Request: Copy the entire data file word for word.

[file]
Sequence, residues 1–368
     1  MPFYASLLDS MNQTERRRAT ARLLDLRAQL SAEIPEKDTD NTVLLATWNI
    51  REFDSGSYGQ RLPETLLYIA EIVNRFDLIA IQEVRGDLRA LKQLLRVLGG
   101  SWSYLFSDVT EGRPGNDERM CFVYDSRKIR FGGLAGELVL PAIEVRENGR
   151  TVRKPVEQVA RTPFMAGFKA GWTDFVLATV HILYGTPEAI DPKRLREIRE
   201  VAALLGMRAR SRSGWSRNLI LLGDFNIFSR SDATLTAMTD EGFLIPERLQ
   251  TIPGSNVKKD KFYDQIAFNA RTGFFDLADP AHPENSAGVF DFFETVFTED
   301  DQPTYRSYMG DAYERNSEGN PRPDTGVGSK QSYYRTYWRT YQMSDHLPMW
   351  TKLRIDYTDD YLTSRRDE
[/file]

Sequence, residues 1–368
     1  MPFYASLLDS MNQTERRRAT ARLLDLRAQL SAEIPEKDTD NTVLLATWNI
    51  REFDSGSYGQ RLPETLLYIA EIVNRFDLIA IQEVRGDLRA LKQLLRVLGG
   101  SWSYLFSDVT EGRPGNDERM CFVYDSRKIR FGGLAGELVL PAIEVRENGR
   151  TVRKPVEQVA RTPFMAGFKA GWTDFVLATV HILYGTPEAI DPKRLREIRE
   201  VAALLGMRAR SRSGWSRNLI LLGDFNIFSR SDATLTAMTD EGFLIPERLQ
   251  TIPGSNVKKD KFYDQIAFNA RTGFFDLADP AHPENSAGVF DFFETVFTED
   301  DQPTYRSYMG DAYERNSEGN PRPDTGVGSK QSYYRTYWRT YQMSDHLPMW
   351  TKLRIDYTDD YLTSRRDE